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Transfer pricing documentation is not enough
Great strides have been made in Spanish transfer pricing legislation and audit practice in the past three years. Garrigues, our Spanish member, discuss how dramatically this situation has evolved and as a consequence of these changes examine why multinational companies operating in Spain should consider transfer pricing in a different light.
Indeed, until December 2006, Spain was viewed by transfer pricing practitioners as a transfer pricing heaven where the scarce legislation existing at that time lay the burden of proof with the tax authorities, who were unable to audit the transfer pricing policy of Spanish or foreign multinationals operating in Spain in a proper manner, due to the lack of specific documentation and training.
As an exception to the above, specific formal requirements applied to the deductibility of management fees and those audited in a strict manner by tax auditors, only in a few cases did the authorities manage to raise transfer pricing reassessment - mostly in relation to finance transactions.
Nowadays, the situation has evolved dramatically: the burden of proof has been shifted to the taxpayers, new prescriptive transfer pricing documentation rules have been established in line with the EU code of conduct and significant risk assessment tools have been put in place (for instance under the new corporate income tax return, a significant amount of information must be reported on transactions exceeding EUR100,000 ($145,000)).
Furthermore, the guidelines of the general plan on tax control published in January of this year include transfer pricing among the areas which inspectors should consider a priority and on which they should perform rigorous scrutiny.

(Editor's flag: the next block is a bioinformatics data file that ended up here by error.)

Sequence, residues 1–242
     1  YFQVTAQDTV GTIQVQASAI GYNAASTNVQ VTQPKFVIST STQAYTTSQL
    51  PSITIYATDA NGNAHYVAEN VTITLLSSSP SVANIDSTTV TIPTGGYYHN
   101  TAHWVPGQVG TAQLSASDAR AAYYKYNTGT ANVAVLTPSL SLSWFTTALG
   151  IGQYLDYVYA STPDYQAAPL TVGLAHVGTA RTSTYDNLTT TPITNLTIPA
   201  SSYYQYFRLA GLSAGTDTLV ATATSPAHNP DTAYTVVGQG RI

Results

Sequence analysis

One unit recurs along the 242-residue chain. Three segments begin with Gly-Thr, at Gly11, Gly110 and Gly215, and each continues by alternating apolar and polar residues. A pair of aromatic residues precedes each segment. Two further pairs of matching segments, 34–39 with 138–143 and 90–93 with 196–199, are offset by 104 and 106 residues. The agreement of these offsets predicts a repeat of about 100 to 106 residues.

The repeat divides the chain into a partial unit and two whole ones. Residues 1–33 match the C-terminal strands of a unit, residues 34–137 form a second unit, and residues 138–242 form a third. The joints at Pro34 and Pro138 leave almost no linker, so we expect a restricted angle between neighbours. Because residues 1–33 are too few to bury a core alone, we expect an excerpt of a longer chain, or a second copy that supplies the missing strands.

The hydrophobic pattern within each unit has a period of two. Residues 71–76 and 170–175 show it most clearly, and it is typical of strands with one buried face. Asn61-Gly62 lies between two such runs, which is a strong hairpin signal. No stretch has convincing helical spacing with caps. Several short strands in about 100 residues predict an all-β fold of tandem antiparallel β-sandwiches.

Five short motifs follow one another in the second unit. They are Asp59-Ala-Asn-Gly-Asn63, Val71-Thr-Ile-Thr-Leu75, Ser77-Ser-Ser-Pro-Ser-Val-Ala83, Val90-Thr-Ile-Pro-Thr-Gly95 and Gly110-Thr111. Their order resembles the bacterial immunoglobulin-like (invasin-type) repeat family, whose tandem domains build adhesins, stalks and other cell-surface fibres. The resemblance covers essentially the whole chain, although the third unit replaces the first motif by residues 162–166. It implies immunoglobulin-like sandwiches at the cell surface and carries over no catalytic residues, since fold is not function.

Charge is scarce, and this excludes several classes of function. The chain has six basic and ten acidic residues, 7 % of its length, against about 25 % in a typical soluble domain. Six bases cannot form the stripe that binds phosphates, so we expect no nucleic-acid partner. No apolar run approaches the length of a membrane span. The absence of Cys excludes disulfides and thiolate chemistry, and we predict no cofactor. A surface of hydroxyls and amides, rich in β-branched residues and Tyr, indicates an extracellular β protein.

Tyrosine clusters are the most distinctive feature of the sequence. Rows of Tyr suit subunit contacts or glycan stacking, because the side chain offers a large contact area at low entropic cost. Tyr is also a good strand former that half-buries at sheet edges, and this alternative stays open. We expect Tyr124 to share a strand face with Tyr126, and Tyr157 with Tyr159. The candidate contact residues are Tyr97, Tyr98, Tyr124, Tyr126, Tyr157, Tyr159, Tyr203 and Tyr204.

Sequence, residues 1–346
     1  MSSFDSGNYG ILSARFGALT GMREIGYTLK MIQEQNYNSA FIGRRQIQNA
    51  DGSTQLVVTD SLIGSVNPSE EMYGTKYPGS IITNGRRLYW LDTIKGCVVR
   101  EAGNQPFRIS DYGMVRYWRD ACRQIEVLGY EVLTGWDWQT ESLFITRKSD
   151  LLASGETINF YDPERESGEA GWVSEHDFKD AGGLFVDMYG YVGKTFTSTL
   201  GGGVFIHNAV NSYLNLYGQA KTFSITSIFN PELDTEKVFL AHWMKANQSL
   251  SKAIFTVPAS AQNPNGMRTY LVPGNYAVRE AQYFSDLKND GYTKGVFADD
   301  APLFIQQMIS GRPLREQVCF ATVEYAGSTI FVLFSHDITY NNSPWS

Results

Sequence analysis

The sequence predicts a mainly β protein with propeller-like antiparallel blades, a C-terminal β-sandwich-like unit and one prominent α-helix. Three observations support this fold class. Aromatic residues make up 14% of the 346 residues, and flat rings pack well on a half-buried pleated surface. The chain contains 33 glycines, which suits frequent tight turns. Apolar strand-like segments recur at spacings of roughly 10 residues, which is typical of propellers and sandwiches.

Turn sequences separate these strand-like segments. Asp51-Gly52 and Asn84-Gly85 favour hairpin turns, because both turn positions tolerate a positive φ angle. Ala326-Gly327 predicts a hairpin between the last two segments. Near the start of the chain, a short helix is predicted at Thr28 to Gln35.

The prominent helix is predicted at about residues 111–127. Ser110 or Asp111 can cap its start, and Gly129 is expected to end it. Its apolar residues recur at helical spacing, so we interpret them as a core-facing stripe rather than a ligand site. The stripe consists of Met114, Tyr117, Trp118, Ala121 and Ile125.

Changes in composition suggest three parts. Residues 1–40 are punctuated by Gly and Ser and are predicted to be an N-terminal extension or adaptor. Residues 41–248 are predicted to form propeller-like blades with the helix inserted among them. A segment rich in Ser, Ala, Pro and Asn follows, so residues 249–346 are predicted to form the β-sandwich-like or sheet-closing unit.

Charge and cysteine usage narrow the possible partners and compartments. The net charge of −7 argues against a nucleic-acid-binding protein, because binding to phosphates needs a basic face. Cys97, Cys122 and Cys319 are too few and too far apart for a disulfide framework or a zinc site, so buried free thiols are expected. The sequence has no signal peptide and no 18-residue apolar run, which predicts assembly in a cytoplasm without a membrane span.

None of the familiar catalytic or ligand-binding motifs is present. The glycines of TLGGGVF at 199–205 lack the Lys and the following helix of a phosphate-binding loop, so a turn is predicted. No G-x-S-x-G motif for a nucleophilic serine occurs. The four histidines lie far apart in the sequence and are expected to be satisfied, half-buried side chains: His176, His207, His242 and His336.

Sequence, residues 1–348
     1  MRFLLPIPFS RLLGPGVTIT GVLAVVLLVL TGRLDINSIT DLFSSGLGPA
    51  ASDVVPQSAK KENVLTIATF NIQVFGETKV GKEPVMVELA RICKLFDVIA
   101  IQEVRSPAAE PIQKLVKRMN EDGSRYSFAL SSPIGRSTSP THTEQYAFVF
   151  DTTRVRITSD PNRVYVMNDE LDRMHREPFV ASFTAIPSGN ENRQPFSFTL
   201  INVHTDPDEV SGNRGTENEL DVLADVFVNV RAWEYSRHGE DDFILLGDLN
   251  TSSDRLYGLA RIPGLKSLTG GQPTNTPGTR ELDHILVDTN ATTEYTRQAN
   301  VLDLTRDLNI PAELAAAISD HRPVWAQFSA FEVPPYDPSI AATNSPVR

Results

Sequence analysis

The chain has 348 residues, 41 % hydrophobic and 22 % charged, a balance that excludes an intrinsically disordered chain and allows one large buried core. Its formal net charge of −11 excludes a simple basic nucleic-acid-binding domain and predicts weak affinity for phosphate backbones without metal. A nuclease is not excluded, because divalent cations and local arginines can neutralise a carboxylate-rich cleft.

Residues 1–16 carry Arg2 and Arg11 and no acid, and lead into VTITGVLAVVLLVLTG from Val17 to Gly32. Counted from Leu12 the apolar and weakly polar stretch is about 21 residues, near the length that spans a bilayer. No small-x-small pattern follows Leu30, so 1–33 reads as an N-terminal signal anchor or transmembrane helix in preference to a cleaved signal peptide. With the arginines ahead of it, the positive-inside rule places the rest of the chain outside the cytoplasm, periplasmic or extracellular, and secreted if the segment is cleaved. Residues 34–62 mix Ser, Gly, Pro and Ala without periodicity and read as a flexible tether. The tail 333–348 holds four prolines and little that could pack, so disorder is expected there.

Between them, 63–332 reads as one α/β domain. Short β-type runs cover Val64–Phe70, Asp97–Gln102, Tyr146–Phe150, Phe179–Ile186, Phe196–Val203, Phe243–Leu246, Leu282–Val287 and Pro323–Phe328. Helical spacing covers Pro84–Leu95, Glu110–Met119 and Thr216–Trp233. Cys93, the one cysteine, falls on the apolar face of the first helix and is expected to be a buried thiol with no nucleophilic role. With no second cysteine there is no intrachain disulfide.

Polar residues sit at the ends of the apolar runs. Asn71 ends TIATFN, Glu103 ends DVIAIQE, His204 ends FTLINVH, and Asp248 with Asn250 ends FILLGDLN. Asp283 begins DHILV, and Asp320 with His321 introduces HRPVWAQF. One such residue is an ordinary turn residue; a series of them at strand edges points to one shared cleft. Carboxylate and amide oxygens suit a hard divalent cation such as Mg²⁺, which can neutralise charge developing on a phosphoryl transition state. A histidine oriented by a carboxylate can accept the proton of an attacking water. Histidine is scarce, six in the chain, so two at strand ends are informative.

In view of this, it is no surprise that inspection work covering related-party transactions has increased considerably with respect to other years.
Furthermore, in the context of the recession, which is affecting the Spanish economy in a particularly hard way, the need to increase tax collection is encouraging the authorities to become particularly strict with respect to tax erosions linked to the application of aggressive transfer pricing policies within multinationals. Under these premises, the growth of litigation on transfer pricing matters seems to be inevitable in the upcoming months/years in Spain.
Considering the complexity of most transfer pricing issues, this increase in litigation will likely derive in higher taxation for multinational companies operating in Spain. In this context, dealing with controversy during the tax audit process with the assistance of transfer pricing specialists is crucial in order to avoid lengthy and uncertain litigation procedures, often leading to effective double taxation.
The areas which the tax auditors are specifically analysing include: a) the valuation of financial transactions where, apart from the interest rate, inspectors are examining the degree of leverage and transactions; b) ongoing (licensing) or one-off (transfers) involving valuable intangible assets and c) intra-group services supplied by companies operating as shared service centres, procurement companies, headquarters or R&D and technology pools.
Special attention is also being paid to business restructuring processes, entailing delocalisation of functions, risks or personnel out of Spain. Finally, Spanish tax authorities are creating specialised teams, centralising extensive knowledge and experience on transfer pricing matters.
This has resulted in more rigorous inspections in which the field tax inspector challenges the values applied by the taxpayer on the basis of comparative economic analyses drawn up by the aforementioned transfer pricing specialised team of tax auditors.
As a consequence of the above, multinational companies operating in Spain should consider transfer pricing in a different light.
In the future the preparation and keeping of extensive transfer pricing documentation will likely not be enough to avoid controversy and onerous tax adjustments.
Indeed, transfer pricing may no longer be viewed as a simple matter of compliance but rather as an integrated process, which must be consistently in line with the whole business operative of the company, encompassing commercial, accounting, financial and internal audit policies and procedures.
In this way, companies will need to prove that their IT systems duly reflect and apply the approved arm's length transfer pricing policies, thus, complying with the terms of their corresponding documentation.
Your Taxand contact for further queries is:
Javier Montes Urd?n
T. +34 91 514 52 00